One day, a handsome FBI agent named Dylan Grace accosts Ridley, hoping that she will lead him to Max. Ridley is conflicted about her choices. Should she confide everything that she knows to Dylan? How does she feel about her lover, Jake, who has become increasingly distant lately? Can she reconcile her memories of Max as a kind and compassionate man with the psychotic monster that others have declared him to be? Should she keep moving and investigating on her own, or turn herself over to the authorities? Is there anyone out there she can trust?
In desperation, Ridley does turn to a variety of people for help. She spends a great deal of time on the run, and later in disguise. Sliver of Truth is fueled with fast-paced dialogue and non-stop action that will seduce adrenaline junkies, but frustrate those who prefer a cohesive narrative with a semblance of logic. Although she is an attractive and courageous woman, Ridley behaves more like a spoiled and flighty child than a mature adult. She endangers herself and others needlessly, insisting that she must confront Max to find out who he really is. How much loss of life is her quest worth? The conclusion is filled with far-fetched twists and turns, although, to her credit, Unger avoids tying up every loose end with a neat bow. Is it possible that another sequel is in the offing?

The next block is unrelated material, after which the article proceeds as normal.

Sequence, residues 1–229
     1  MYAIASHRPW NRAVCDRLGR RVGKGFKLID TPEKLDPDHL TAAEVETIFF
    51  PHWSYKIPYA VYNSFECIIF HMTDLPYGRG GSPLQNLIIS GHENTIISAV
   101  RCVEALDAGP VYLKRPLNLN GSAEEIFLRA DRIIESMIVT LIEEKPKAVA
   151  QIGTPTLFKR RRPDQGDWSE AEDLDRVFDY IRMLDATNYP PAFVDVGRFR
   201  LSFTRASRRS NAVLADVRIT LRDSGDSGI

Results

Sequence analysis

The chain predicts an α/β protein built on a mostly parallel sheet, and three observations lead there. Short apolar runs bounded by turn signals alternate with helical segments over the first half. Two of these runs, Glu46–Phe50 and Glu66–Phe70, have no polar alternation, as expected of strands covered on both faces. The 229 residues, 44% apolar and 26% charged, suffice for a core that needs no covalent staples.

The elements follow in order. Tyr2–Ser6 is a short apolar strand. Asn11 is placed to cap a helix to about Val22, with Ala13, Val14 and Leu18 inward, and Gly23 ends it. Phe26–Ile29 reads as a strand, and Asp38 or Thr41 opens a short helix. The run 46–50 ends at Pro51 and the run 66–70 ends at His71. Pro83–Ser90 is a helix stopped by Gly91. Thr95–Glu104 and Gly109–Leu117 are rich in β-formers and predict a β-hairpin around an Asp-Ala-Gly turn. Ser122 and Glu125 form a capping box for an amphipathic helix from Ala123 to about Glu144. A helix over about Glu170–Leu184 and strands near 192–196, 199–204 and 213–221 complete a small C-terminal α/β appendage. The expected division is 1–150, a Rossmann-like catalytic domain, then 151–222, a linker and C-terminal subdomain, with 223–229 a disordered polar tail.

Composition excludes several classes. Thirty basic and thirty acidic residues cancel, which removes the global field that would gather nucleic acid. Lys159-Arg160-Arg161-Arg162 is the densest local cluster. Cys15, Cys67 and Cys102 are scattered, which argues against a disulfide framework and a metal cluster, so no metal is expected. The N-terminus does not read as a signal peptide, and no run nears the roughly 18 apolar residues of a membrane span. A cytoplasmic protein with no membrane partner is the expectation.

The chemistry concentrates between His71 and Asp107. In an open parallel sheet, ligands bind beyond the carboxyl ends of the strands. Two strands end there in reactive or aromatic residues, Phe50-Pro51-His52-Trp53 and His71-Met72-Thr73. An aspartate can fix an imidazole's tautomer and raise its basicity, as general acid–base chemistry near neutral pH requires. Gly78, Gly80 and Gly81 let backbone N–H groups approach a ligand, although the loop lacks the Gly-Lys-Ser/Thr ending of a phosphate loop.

- Amazon readers rating: from 39 reviews
Read a chapter excerpt from Sliver of Truth at Random House(back to top)
(Reviewed by Jana L. Perskie MAY 1, 2006)
"I was starting to see my real self through the fissures that had opened in my fantasy life."
Wow! I predict a wonderful future for Lisa Unger's first novel, Beautiful Lies. I forecast its presence on the NY Times Bestseller List for many a moon. However, unlike a number of successful bestselling novels, this one is well written. It also has a most original plot and a quirky, three dimensional protagonist, as well as realistic minor characters. And, oddly enough, there are no real villains in a story where bad things certainly happen. In the novel her main character, Ridley Jones, says/thinks "there are no heroes or villains in real life, only good and bad choices."